Gender politics, sexual identity and finding one’s own path are the overriding themes here, with each girl having to make difficult and far-reaching choices about her life.
Not sure I personally would have given it CBCA Book of the Year (2018), but it certainly deserved a nomination, and it is a novel I would recommend highly for readers aged 13 and up.
There is power in this story, for everyone.
Paul Jennings has done it again. This carefully crafted book has emotional resonance, complexity in narrative, and is wrapped in an engaging and approachable narrative that would suit ages 8 and up. It is a simple story, but adds complexity with alternating points of view. Anton the orphan runs away, somewhat inadvertently, and finds himself a stowaway on a ship to the “New Land”. There he meets Max, a boy who is has his own struggles – with learning and reading and life in general. Max’s mother cares for Anton, planning to adopt him as her own when they arrive at their destination. Then a near-tragedy changes everything. I don’t want to give away anything because I like to be spoiler free, but there will definitely be tugging on the heartstrings as this tale reveals its secrets to the reader.
Absolutely recommended and a lovely companion to the earlier A Different Dog by the same author.
This is the start of a great new series by Ellie Marney. Colm and Sorsha are a hypnotic combination and the back story of being on the run was perfect to throw them together. As usual the first kiss between the two protagonists is HOT, which is an Ellie Marney speciality. Marney effectively paints a picture of circus life and show folk well, and I look forward to reading more about this cast of characters. Can’t wait for All Fall Down to drop into my Kindle!
Marlowe, the central character in Shivaun Plozza’s accomplished second novel is a fantastic protagonist. Flawed, fragile, but ultimately stronger than she realises, Marlowe is finding her way back into the world after having a life-saving heart transplant. Obsessed with connecting with the family of her donor, Marlowe is frustrating, but also highly likeable. Her mum is a “vegan warrior” who only wants the best for Marlowe, but she also tries to be her friend a little too much. I didn’t enjoy this character as much as I hoped to, but Pip, her wonderfully eccentric and self-confident little brother is an absolute delight. I kind of wish younger kids could get to read Pip too, because he is such a positive character. As such, Pip is a great reflection of Marlowe, who is often down on herself and others much of the time. No matter what, Pip can find the good in almost everything. As Marlowe’s relationship with the sister of her dead donor develops, the reader can see there is disaster looming, and when Marlowe starts falling for Leo, son of the local butcher, there is conflict of epic proportions brewing. No more story elements for fear of spoilers, but suffice to say Marlowe has to confront more than a few personal demons and work on mending lots of fences before the story ends.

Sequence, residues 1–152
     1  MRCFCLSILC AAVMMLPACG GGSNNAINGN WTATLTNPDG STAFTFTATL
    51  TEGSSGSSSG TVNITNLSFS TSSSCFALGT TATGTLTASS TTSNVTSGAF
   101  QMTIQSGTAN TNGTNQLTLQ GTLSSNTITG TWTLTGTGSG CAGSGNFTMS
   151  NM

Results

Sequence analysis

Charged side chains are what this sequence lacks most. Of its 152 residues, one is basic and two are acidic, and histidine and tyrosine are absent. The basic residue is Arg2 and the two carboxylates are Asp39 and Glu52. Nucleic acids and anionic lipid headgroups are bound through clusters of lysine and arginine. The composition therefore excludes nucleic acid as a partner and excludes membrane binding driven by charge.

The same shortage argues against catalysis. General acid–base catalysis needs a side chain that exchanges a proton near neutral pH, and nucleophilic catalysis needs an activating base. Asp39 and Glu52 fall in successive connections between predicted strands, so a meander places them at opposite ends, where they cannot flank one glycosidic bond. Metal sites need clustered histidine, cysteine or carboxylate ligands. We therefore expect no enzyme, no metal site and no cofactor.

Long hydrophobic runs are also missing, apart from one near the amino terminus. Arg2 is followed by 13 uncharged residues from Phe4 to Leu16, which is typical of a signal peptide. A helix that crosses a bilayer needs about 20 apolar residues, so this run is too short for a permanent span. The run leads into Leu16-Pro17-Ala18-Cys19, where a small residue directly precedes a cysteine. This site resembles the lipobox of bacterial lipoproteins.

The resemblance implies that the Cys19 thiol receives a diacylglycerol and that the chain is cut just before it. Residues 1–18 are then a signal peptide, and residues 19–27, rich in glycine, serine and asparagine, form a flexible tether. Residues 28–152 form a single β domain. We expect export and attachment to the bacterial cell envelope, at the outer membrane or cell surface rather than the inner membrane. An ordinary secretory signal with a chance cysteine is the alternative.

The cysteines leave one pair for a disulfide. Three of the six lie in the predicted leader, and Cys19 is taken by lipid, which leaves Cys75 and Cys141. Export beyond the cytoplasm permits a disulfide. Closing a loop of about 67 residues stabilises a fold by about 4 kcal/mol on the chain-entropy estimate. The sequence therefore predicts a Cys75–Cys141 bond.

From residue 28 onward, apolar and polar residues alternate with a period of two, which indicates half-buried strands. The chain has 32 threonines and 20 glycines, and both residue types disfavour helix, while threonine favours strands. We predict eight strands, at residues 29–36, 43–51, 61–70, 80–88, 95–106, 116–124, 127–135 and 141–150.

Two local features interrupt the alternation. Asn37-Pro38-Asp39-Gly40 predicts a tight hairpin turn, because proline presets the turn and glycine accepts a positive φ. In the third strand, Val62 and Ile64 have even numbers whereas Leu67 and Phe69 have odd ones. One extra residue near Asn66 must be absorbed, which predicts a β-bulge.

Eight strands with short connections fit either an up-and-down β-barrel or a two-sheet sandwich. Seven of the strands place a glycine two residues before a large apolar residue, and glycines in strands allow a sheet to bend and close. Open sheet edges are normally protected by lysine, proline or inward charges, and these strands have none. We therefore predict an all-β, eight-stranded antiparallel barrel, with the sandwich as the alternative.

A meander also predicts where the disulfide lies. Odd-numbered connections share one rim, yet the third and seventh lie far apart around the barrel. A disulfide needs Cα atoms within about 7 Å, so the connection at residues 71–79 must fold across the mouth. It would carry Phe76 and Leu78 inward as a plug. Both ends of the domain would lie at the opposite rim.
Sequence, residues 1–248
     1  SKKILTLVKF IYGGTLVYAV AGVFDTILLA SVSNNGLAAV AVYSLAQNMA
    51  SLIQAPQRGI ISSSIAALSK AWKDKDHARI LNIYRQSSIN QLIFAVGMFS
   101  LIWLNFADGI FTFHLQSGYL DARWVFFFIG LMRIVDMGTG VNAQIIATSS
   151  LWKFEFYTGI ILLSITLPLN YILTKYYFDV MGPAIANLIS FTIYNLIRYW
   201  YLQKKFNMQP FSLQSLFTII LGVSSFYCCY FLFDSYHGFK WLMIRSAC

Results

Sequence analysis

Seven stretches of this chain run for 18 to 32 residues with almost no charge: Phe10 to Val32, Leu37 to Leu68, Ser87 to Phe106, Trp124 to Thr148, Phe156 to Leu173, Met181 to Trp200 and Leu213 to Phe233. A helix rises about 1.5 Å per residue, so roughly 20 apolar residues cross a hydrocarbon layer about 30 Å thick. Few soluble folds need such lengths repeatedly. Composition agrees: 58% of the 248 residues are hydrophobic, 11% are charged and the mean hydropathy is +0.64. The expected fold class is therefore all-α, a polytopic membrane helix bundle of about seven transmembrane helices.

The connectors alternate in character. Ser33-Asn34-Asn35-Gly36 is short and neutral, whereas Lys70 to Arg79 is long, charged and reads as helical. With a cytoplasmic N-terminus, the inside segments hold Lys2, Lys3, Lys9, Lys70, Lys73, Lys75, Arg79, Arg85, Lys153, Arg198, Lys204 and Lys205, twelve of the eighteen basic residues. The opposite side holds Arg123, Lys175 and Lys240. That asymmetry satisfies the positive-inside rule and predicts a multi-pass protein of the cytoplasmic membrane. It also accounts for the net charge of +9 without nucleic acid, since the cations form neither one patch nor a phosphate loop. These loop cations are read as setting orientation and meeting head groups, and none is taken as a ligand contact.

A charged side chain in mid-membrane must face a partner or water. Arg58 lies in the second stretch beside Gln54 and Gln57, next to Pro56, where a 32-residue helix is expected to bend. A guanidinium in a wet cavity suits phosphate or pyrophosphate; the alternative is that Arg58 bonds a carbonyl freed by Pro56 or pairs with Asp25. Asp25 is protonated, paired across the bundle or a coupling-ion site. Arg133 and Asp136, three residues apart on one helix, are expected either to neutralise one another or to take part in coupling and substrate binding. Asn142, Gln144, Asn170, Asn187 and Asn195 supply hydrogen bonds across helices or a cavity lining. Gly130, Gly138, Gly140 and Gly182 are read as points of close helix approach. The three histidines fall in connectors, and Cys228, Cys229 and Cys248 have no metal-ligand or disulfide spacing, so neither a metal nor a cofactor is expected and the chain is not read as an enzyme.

Plozza’s writing is heartfelt and her dialogue, as in her debut novel Frankie, is absolutely on point. Leo is a laconic smart arse, but has a heart of gold. Marlowe is trying to break away from her family, but ultimately loves them more than anything. The realities of an adolescent trying to find her place, and settle into it comfortably are familiar, and handled here with aplomb. Highly recommended for ages 14 and up.
I see you, Scot Gardner. I see the vagabond in you; the rough and tumble philosopher; the man-boy trying to make sense of the world, even after living in it for years; the raconteur; and someone whose love of this land we call home runs as deep as the roots the trees he walks amongst. I see you because it is all here in this life-affirming, totally disarming novel. Until I finished this book today my favourite Scot Gardner book was The Way We Roll, but now it is this gem. Changing Gear is a triumph of noticing small things and showing how important they are.
Merrick Hilton is eighteen and on the verge of final exams. He exists between two houses, but is loved in both. Grieving the death of his much-beloved grandfather and feeling hemmed in by expectation (his own and those of the people around him), Merrick takes off on his trusty postie motorbike and heads into the landscape.
This is a road trip of self-discovery, and of self-affirmation. As Merrick travels he meets Victor, a long-time wanderer and finds himself drawn to his life of walking and camping as the landscape dictates. Victor and Merrick settle into laconic patter with ease and Merrick finds himself letting go of things he had thought to be important, and learning to value simpler things like a decent cup of tea, succulent sun-warmed strawberries and the companionship of someone with no expectations of him at all.
The questions Merrick asks himself are timeless: am I enough? Am I gay? Will I ever get laid? What comes after school? How do I recover from the loss of a loved one/best friend? His journey (ugh, hate that word, but it applies here) brings him some answers and gives him the courage and tenacity needed to find the rest.
No spoilers here, but I urge you to read this book – if you are a teenage boy, are raising teenage boys, know a teenage boy, or wondered what it is like to be one. My Aussie YA of the year so far, no doubt. Thank you, Scot Gardner, for giving us yourself in Merrick – and Victor – and showing how good writing and compelling characters can help shape confused boys into decent, caring young men.
For ages 13 and up.